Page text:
(Being With) A Friend Like Me

The joys of a neurodivergent friendship

This week is Mental Health Awareness Week in the UK, with the cost of living crisis as this year’s theme. With rising fuel bills and grocery prices, this means fewer trips to the pub, fewer chances to see friends.

What is worse than being skint is being skint and lonely. In the words of The Blues Brothers song “everybody needs somebody”, and this is true of any friendship. Whether you are neurotypical or neurodivergent, it matters.

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These Are The Fun Times: The Ten Greatest Fun Time Friday Shows

A Not So Perfect Ten Special

On the 23rd March 2020, the UK went into lockdown due to the coronavirus pandemic. This saw restrictions in the way we went to work, in the way we did our work, and how we saw our loved ones. Elderly people had to shield for twelve weeks; you couldn’t go anywhere that was further than an hour away. If you weren’t a key worker, you had to be furloughed.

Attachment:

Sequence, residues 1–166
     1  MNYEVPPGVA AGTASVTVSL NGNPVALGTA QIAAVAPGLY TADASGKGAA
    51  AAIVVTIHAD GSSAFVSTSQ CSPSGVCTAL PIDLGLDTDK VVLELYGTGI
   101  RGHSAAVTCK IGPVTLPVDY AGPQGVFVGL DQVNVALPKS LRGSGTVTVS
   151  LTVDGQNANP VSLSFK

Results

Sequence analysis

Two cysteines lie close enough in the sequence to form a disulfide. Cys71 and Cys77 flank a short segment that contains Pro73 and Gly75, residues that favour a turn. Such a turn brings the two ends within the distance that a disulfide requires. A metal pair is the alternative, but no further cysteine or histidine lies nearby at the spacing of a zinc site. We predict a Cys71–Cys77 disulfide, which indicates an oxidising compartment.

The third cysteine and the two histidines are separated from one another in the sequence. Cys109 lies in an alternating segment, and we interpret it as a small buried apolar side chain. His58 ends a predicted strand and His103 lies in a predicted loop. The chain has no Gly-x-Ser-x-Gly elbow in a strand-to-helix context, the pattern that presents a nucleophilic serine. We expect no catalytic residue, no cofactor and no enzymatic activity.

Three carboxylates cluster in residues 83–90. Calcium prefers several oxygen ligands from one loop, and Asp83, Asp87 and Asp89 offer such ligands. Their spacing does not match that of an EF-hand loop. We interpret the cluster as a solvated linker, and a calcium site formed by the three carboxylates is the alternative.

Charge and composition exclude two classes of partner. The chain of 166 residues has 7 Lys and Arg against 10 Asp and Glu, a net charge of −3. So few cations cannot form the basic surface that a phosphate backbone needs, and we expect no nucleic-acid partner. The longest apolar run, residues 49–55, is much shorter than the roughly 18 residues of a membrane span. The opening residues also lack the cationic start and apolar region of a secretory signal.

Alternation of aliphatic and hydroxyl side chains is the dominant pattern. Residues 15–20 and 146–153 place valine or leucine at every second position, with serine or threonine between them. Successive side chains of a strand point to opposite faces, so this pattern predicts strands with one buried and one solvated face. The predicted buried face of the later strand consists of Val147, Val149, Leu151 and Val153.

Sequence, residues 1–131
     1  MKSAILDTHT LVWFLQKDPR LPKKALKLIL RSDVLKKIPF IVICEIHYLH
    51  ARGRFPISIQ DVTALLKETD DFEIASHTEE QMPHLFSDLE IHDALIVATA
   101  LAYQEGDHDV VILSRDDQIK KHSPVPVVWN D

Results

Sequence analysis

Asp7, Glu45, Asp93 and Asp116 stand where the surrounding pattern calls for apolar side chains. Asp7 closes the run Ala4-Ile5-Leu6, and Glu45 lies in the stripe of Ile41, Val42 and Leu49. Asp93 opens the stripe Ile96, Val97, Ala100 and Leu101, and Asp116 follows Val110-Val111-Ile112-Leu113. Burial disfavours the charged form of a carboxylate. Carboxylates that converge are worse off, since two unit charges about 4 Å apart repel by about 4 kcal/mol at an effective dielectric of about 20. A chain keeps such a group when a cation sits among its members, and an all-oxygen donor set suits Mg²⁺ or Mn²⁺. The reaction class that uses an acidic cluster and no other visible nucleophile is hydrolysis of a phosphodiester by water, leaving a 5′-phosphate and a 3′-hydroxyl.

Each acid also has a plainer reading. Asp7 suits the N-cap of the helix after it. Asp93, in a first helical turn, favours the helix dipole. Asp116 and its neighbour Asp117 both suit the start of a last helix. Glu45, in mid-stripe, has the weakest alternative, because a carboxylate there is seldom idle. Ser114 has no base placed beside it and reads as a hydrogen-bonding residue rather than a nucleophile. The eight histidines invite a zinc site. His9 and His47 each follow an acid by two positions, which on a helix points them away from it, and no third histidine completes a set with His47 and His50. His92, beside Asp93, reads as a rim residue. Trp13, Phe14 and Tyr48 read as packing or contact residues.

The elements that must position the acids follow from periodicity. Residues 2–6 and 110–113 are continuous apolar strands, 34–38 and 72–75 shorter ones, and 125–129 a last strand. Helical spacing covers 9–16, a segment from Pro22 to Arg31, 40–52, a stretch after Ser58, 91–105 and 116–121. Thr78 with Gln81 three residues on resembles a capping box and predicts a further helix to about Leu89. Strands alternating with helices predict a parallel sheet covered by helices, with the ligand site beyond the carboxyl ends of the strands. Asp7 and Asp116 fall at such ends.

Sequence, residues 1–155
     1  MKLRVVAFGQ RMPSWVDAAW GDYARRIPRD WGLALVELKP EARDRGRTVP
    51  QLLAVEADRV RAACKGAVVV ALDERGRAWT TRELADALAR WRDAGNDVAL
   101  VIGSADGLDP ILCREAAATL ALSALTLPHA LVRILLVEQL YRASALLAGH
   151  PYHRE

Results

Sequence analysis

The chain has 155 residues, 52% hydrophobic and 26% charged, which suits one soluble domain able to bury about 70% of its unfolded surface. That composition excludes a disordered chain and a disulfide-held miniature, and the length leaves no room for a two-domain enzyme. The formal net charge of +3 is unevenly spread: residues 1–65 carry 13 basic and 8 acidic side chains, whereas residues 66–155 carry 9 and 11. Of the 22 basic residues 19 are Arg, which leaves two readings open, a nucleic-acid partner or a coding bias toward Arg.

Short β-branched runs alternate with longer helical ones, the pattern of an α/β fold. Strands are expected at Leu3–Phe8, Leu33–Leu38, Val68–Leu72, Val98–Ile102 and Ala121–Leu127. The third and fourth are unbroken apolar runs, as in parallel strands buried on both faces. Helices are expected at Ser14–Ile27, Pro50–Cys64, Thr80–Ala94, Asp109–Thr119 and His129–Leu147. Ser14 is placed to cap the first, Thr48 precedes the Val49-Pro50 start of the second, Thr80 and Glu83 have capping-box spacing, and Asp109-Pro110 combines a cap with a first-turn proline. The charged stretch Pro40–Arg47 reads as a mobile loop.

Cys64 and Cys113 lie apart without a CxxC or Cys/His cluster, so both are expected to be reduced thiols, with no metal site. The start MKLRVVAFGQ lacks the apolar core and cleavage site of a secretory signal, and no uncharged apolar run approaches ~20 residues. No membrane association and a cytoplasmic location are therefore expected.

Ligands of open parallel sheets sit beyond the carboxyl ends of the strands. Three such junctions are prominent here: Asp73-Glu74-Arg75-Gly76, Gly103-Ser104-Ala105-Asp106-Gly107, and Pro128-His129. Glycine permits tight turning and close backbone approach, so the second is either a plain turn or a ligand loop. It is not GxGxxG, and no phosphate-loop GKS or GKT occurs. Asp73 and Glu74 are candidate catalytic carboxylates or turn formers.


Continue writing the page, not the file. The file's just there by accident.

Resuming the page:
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Be Loud, Be Proud, Be Neurodiverse (Be Heard)

A long weekend of celebrating difference in the workplace

I have just found out that last week was Neurodiversity Week (13th to 19th March 2023). It was marked by a series of virtual events celebrating people with autism spectrum conditions, ADHD (Attention Deficit Hyperactivity Disorder) and Dyslexia. My source of information came from the Tameside Reporter, a journal which yours truly is familiar with as a sporadic reader, a contributor, and on two occasions, a job interview candidate.

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Twelve Days That Shook The World

The long awaited follow up to A Comeback Special of Sorts

Following the success of the previous article, we have a follow-up. A companion piece which covers my last two weeks following my return to work.

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A Comeback Special of Sorts

Ever wondered what the creator of this blog has been up to lately? Read this!